6 internautes sur 8 ont trouvé ce commentaire utile 
HASH(0x8d790498) étoiles sur 5 Compelling, Convincing, Constructive 27 avril 2011
Par Jeanne Erdmann - Publié sur Amazon.com
Format: Relié Achat vérifié
Epstein and Ferber have done a masterful job of connecting the dots between climate change and health, from a malaria epidemic in sub-Saharan Africa, to airborne soot in Harlem where doctors at a local hospital care for asthma patients. I had an idea that climate change can harm health but had no clue how seemingly unrelated events from day-to-day choices combine to harm our environment and thus our health. The book is 299 pages, and includes an epilogue to last year's Deepwater Horizon explosion. It reads like an adventure story packed with researchers chasing epidemics and with determined citizens looking for ways to reduce their dependence on electricity. One of the sections that struck me most was the chapter on "Storms and Sickness". The Midwest has had more than its share of tornados this year. After a tornado touched down one half mile from our property a few days ago, I went back and reread this section trying to imagine how our lives would have changed if the trajectory of those horrific winds had shifted just slightly. People everywhere live with weather extremes. Droughts, hurricanes, and floods leave destruction in their wake and also unseen but powerful pathogens in raw sewage, in drinking water that needs to be boiled. Page after page of such information could leave the reader feeling helpless and hopeless but the authors close the book by fully outlining a clear and hopeful way forward in which all of us can join. Epstein and Ferber, through eloquent writing, compelling stories, and prodigious reporting bring both an immediacy and urgency to an issue critical to our continued existence.
3 internautes sur 4 ont trouvé ce commentaire utile 
HASH(0x8d79063c) étoiles sur 5 Changing Now! 19 juillet 2011
Par Loretta J. Williams - Publié sur Amazon.com
Format: Relié
Clearly, compassionately and compellingly told.

Medical doctor Paul R. Epstein and science journalist Dan Ferber share stories of intrepid curiosity and commitment to finding the roots to public health dilemmas facing the globe and its people. We learn of the enormous number of indicators that we as humans have passed the point of disruption in the globe's system of checks and balances. We learn, too, of the politics of climate change and the possibilities for alternative policies for the public good.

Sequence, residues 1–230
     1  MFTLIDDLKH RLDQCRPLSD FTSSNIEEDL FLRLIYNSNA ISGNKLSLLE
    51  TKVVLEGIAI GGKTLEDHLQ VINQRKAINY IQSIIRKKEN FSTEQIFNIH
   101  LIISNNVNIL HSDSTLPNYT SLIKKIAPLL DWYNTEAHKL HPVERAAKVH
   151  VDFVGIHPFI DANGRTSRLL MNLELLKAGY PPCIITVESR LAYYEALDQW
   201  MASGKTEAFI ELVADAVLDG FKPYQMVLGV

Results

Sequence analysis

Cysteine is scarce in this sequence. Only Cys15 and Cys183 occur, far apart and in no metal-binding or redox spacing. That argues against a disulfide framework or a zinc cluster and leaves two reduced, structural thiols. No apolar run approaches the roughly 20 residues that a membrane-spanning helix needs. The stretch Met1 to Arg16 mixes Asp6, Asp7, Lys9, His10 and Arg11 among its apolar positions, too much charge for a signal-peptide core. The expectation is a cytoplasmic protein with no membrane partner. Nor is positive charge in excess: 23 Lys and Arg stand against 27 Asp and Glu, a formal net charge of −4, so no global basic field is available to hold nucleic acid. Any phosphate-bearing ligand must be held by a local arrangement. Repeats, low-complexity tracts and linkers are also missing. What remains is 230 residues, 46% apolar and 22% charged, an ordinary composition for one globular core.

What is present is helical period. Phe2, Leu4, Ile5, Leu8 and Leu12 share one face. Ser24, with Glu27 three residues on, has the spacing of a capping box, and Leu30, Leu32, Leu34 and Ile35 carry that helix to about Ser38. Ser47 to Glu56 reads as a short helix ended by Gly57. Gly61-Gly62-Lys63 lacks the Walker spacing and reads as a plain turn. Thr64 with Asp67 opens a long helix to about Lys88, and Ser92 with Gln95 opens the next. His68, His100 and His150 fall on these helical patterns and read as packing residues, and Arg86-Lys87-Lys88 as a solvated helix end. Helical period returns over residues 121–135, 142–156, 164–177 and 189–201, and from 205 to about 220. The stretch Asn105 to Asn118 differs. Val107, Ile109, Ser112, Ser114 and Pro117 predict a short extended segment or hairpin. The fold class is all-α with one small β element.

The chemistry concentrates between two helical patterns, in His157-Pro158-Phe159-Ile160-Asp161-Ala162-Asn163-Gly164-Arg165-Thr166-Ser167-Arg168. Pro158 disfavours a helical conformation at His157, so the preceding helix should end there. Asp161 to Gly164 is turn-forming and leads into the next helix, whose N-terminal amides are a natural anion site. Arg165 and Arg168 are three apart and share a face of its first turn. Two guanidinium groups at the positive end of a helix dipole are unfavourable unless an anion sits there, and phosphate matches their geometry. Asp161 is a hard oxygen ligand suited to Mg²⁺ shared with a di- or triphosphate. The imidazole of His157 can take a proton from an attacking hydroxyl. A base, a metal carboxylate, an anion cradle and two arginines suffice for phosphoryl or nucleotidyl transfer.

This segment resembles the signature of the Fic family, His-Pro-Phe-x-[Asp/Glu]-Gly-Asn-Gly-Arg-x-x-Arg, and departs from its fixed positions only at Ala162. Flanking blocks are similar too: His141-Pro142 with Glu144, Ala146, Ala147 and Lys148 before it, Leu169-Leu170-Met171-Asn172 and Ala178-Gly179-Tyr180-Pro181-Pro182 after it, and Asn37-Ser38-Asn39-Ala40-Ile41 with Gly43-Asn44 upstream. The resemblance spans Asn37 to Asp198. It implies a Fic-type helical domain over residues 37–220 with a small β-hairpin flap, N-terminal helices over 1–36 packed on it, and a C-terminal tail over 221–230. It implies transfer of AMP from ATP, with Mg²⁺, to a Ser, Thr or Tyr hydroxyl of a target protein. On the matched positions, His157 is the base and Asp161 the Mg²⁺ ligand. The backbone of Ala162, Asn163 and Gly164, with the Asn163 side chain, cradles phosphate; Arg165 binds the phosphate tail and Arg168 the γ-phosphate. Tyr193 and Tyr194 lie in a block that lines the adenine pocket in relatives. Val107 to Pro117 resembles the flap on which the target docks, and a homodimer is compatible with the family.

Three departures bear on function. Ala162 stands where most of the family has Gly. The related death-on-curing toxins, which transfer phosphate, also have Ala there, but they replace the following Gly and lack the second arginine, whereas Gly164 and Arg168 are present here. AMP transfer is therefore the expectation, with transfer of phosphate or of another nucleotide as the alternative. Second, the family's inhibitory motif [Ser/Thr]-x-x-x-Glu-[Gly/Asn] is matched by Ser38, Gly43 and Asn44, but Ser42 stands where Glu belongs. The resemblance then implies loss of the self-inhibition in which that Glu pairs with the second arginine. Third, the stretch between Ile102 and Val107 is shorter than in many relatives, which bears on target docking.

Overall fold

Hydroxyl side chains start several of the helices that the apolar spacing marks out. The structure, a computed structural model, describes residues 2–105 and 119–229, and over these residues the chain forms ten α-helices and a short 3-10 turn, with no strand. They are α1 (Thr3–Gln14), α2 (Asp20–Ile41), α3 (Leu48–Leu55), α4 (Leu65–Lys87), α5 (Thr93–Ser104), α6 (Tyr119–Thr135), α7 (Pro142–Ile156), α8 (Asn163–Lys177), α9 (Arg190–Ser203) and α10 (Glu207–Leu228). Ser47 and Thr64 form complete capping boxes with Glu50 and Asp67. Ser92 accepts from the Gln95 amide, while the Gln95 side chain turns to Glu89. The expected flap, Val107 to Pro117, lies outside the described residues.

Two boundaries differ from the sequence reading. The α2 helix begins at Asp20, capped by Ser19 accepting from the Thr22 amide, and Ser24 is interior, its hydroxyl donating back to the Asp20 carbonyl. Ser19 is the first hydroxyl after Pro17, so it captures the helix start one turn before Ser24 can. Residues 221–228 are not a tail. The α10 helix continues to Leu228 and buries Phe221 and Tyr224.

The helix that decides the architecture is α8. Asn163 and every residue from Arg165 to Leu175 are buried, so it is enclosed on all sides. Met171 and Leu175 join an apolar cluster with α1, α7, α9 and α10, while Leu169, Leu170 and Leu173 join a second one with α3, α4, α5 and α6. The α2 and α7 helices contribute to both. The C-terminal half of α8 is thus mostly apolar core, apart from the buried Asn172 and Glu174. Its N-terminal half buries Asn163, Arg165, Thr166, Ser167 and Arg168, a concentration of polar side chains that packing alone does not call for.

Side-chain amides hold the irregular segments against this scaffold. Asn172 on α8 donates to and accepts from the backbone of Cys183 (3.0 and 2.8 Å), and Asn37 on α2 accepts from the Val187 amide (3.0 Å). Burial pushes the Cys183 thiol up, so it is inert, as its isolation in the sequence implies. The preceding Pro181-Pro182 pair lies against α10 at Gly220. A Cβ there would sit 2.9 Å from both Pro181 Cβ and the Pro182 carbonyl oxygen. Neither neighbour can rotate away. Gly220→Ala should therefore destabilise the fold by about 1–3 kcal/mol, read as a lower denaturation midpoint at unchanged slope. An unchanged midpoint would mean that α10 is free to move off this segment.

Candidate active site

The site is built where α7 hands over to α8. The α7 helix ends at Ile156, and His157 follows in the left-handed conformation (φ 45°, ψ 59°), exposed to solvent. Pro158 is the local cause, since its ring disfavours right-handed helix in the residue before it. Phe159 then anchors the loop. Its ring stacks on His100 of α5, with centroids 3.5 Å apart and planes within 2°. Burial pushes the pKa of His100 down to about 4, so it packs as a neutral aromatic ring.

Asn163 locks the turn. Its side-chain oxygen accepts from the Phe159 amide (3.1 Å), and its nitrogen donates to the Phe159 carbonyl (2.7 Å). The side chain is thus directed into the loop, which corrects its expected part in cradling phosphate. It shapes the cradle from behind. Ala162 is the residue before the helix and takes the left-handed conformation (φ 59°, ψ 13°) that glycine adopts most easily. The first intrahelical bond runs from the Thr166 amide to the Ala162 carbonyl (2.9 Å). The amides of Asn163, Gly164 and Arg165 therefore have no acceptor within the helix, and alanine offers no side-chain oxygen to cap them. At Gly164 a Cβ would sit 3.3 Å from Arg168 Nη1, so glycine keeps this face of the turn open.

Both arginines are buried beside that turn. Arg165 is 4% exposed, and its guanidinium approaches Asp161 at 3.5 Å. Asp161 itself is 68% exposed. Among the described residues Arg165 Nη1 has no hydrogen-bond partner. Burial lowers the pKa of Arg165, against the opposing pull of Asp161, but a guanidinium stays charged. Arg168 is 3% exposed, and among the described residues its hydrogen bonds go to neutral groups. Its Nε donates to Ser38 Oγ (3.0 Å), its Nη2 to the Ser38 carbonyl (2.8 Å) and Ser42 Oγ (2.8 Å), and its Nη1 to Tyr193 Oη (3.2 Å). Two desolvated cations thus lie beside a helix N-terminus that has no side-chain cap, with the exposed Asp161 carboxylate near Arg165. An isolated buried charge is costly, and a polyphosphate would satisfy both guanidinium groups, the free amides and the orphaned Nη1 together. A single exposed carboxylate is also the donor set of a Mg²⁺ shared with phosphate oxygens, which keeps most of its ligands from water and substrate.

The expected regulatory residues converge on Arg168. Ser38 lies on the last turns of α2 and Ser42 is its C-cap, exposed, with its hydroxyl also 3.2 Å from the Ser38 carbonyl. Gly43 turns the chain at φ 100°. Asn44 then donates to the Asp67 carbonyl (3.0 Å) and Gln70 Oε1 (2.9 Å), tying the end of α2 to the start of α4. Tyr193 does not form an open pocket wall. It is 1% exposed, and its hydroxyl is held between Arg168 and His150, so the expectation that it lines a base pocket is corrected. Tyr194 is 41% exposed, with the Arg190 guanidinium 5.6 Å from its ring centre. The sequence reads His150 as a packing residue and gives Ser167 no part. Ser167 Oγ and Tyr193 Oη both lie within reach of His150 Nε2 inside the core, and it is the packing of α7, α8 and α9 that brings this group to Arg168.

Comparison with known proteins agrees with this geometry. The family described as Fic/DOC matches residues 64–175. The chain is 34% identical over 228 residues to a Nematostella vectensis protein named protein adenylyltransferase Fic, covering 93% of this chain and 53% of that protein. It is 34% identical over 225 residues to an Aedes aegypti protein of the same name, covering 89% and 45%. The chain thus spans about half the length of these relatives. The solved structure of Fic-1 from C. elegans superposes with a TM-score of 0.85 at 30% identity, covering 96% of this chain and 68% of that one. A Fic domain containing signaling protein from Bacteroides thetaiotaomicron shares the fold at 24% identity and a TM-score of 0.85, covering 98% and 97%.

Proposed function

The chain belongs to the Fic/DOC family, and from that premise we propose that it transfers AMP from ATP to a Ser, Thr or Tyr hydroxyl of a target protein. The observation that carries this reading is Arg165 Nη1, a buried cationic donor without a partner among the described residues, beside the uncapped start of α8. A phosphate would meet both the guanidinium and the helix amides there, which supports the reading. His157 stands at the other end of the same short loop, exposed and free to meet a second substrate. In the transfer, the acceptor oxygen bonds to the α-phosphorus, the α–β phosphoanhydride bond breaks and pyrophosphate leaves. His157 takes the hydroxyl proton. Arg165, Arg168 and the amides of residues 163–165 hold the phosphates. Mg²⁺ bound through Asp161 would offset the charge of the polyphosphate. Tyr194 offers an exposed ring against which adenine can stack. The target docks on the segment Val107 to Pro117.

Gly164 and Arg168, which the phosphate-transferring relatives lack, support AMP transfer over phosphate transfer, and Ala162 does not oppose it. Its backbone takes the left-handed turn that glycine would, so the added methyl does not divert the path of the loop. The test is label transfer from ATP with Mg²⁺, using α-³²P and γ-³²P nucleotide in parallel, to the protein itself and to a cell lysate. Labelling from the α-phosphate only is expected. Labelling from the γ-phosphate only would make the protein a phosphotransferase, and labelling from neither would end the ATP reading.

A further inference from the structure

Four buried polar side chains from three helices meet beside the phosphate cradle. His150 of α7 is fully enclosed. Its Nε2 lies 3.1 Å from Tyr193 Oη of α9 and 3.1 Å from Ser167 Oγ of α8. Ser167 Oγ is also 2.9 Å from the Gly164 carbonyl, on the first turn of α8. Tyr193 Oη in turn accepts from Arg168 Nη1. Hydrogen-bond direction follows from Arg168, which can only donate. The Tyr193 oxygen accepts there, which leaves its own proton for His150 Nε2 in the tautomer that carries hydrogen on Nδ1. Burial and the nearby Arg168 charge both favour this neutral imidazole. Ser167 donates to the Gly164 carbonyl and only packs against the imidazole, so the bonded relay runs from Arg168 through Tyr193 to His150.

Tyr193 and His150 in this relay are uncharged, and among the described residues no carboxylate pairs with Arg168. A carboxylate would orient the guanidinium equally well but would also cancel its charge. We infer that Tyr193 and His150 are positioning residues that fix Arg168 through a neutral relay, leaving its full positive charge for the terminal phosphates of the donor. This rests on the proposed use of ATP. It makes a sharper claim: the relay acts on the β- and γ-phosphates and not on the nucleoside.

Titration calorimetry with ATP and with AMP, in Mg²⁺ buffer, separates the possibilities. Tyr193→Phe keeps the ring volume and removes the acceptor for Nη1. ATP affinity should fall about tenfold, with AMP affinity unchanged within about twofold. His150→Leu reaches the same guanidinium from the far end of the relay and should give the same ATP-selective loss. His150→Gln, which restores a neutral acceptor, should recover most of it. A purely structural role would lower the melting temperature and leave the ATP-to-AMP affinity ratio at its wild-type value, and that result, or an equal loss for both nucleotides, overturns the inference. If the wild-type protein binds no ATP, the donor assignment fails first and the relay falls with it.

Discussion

Dr. Epstein tells of his experiences as a young tropical medicine doctor in newly-independent Mozambique in the 1970s, and how that led him to serving often marginalized communities in Greater Boston; and those combined experiences led him on to studies in public health, research collaborations, brainstorming sessions across disciplines and sectors. Now at the Center for Health and Global Environment at Harvard, Dr. Epstein tells inspiring stories of research efforts against the odds all across the continents, designed to learn why the increased occurrences of extreme weather, deforestation, infectious disease epidemics driven by exponential climate changes showing up in unexpected places and populations.

The authors speak of gatherings of interdisciplinary colleagues and sectors, and democratically shaped alternatives to the crises we face as human beings and global citizens. Particularly appealing to me was the worldview of the writers: non-US triumphalism. I learned much about what scientists and public health workers -named and credited throughout - are doing in Honduras, Bangladesh, Canada, Kenya, Mexico and the like. Kudos to the authors for making me feel that I was in the audience with them as they participated in the important summits that have taken place over recent decades. And for making the book accessible and a fascinating read for non-scientists such as me.

This is a must read - you'll want to pass the book on to friends and colleagues.
2 internautes sur 3 ont trouvé ce commentaire utile 
HASH(0x8d790a14) étoiles sur 5 a physician's viewpoint, not a politician's 28 juin 2011
Par Meg Sumner - Publié sur Amazon.com
Format: Relié
While he does get into some political issues towards the end, for the most part the focus is on what happens when the earth gets too warm. It's not simply warmer weather that is the issue, and it certainly doesn't go away when a large winter snowfall appears. Rather, he analyzes the data related to weather change. Areas that receive more heat than usual obviously have a drought. But where does that water go that heated up? It's not gone forever, but is evaporated up and into weather systems (water weighs much more than air) that dump that water somewhere else, leading to widespread flooding and furious storms. Dry ground can lead to wildfires, which the resulting smoke can actually alter weather patterns, making the imbalances continue.

The pattern of extra water and invasive flooding sets up a domino effect in plant and animal life, and these combine with pathogens to exacerbate the change. What Dr. Epstein shows is what happens next: viruses appear that were dormant or unheard of regionally before. Excessive plant growth alters feeding patterns of animals, causing less (or more) of them and thus further altering the previous balance.

His point is clear and crosses political lines. Focusing on the delicate and fragile balance of the Earth's ecosystems, he shows how change perpetuated by pollution, poor resource management, and greed make for very real consequences in terms of health. Asthma and allergies are only some of the results-major infectious diseases run wild when an ecosystem is out of balance.

It could be a dry read, but it isn't...anecdotal stories and hard data make it lively and potentially scary. When one CDC expert goes to testify before Congress, she has most of her testimony redacted to prevent offending some of the audience. How can the problem be solved if no one gets to hear the truth about it?

One website features an interesting interview with the author, wherein he suggests the political polarizing option of a slight (ACK! The horror!) tax increase to raise funds for better infrastructure. In addition, he makes the case for the way European manufacturers have to prove the safety of their product-a far different stance than the US method. It's an interesting article. [...]

Just for a kick, NASA has some fascinating charts with average land and ocean temperatures here: [...].